May 5, 2013

Come Back in a Couple Years

May 12, 2010 when I originally posted
In May of 2010, just after I started this blog, I wrote a post about a climbing hydrangea, (Hydrangea anomala petiolaris) that I had planted four years earlier. 

You can read it here.

In that post I went on about how this vine wasn't growing up to reach the top of a pergola over the garage, and would it ever do so?  I wondered about pruning it below, and how to do that. 

Commenters were full of encouragement and advice for me.

I ended that post by saying "I'm inviting you to come back in a couple years and see if it ever makes it up over that pergola."


Well, it did. Here's what it looks like in 2016, ten years after planting:


Here are some shots of what it looked like on the way to reaching the pergola --
Three years after I posted that invitation to come back and see the progress, this is how it looked:
May 2013
And in 2014 it was well on its way across the pergola, but still bunched inside the woods pyramid:
June 2014
June 2014

And in 2015, five years after I invited people to come back and check, it looked like this. This is early May, so it is not fully leafed out yet. (I took the pyramid cage off the bottom and did some pruning in the middle):
early May 2015
early May 2015

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This climbing hydrangea that I saw on a local garden tour is what I have in mind, and see over on the right side of the garage doors how they have pruned the lower stems up bare?

That's what I will do.

Here is how climbing hydrangea is most often grown. It is sent scrambling up the tall trunks of trees in the woods, where it loves the shade. Mine is in too much sun over the garage doors.

















These are old specimens that I saw in a private garden. You can tell how happy they are wrapped around tree trunks, not caged in a wooden pyramid. These are unpruned, not struggling to reach the edge of a structure over the garage door. They flower beautifully in deep shade.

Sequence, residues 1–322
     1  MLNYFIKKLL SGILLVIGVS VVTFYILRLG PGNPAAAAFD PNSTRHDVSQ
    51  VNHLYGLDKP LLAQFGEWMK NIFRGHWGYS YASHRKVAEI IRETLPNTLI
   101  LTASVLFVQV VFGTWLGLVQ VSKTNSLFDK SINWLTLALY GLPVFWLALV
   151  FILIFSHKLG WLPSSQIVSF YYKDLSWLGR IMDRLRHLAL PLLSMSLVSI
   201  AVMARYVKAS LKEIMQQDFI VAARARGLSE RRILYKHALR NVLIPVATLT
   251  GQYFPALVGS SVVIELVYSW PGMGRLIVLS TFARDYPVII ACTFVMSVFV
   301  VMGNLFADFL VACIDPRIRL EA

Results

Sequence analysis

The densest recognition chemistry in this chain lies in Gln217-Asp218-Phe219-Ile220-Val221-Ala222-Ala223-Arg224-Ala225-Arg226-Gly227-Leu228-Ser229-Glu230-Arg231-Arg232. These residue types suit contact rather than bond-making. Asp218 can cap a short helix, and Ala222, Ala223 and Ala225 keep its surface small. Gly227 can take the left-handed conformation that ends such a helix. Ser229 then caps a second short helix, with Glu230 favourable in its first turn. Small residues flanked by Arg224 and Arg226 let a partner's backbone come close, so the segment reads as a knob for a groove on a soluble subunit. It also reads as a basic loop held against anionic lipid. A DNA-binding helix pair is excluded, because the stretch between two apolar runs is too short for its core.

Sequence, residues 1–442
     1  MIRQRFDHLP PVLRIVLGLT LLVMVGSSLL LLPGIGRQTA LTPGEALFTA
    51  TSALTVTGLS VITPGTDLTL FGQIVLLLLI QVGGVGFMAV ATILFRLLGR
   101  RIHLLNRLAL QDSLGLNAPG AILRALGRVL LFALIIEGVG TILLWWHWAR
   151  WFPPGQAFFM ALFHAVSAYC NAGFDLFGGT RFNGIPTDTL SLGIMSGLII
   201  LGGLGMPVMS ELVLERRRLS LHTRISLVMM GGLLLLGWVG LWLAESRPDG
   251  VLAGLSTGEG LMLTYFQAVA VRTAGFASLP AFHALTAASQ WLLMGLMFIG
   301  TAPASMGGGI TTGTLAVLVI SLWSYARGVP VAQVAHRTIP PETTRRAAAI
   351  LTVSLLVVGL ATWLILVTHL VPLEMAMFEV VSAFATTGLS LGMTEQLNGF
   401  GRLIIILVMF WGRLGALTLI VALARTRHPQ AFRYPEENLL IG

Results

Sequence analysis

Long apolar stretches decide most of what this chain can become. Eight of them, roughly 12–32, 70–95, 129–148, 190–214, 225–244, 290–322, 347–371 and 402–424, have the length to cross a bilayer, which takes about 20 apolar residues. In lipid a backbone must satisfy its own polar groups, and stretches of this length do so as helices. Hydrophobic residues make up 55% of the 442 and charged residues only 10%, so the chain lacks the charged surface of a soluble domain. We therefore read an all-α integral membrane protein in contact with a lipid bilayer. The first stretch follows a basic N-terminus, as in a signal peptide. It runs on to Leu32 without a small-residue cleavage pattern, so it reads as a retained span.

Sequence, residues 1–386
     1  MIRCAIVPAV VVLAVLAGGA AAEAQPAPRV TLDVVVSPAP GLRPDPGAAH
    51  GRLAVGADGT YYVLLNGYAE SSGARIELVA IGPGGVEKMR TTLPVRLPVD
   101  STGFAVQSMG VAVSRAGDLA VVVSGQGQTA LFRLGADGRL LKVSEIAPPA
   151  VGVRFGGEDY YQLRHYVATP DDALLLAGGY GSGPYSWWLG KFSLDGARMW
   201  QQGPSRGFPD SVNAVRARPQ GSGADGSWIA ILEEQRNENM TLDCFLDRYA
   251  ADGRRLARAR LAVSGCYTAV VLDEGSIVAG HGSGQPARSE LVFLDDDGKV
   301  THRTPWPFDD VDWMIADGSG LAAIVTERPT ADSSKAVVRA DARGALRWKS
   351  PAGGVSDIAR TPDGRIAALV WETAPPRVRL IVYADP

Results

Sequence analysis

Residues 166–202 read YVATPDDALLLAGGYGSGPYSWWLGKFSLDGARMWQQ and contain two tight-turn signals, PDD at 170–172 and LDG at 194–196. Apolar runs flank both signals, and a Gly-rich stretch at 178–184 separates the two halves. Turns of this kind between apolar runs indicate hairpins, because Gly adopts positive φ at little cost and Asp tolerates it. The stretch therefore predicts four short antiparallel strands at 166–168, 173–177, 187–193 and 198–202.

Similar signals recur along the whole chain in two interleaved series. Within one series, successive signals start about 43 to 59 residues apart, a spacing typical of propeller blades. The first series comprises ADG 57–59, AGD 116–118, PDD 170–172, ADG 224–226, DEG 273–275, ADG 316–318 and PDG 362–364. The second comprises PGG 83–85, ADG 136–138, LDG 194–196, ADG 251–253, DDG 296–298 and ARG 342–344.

So -- mine is not a woodland beauty, and it gets too much sun, and I still have some serious pruning to do. But it grew!

And once again I invite you to come back in a couple more years and see what it looks like fully draped over that pergola.
 

44 comments:

  1. How exciting to see your hydrangea reach the pergola. It will take off across that pergola in no time now. I will look forward to seeing it pruned up and blooming it's head off.

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    1. Lisa, climbing hydrangea is supposed to be a fast grower once it gets going. And this is its 8th year here, so it's time for it to scramble.

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  2. I'm so happy that your Hydrangea reached the pergola. From my experience with vines and climbers, one day it's small, then it seems like something triggers it and off it goes. It will look so beautiful climbing across the top of the garage. (The one you saw on the garden tour is just astonishing!!!) I can't wait to see it's progress!

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    1. Christy, I'm excited too to see some progress as it speeds along the horizontal supports over the garage now. It's time for it to kick it in gear.

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  3. wow, these plans are fantastic. This is the first time I've ever wanted a garage!!

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    1. Jennifer, thanks. I think garage doors are so unattractive, no matter how nice, and they just cry out for something to grow across them. I should have picked a sun loving vine though : )

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  4. I've tried twice now to get a climbing hydrangea to climb one of my Douglas firs. I've had the same inspiration as those pictures you posted of them climbing tree trunks. Both times they've died on me. Maybe I haven't given them enough water, although they are in a spot facing Northeast. I'm glad you kept blogging, and followed up on an old post. Yours will eventually look just as good as the one you saw on the garden tour.

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    1. Alison, your experience with climbing hydrangea is so frustrating. I have found that they are easy to grow, even in less than ideal conditions, and pruned off branches root easily. I wonder what is going on under your Douglas fir. It could be lack of water and root competition, at least as a young start before it has enough size to compete with the tree. They do want quite a bit of water.

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  5. I'm impressed! First, you are so brave with the pruners. Second, you got the climbing hydrangea to grow even in less than optimal conditions. I think they are just gorgeous but am far too impatient to wait for them to grow and tend to them the way you do.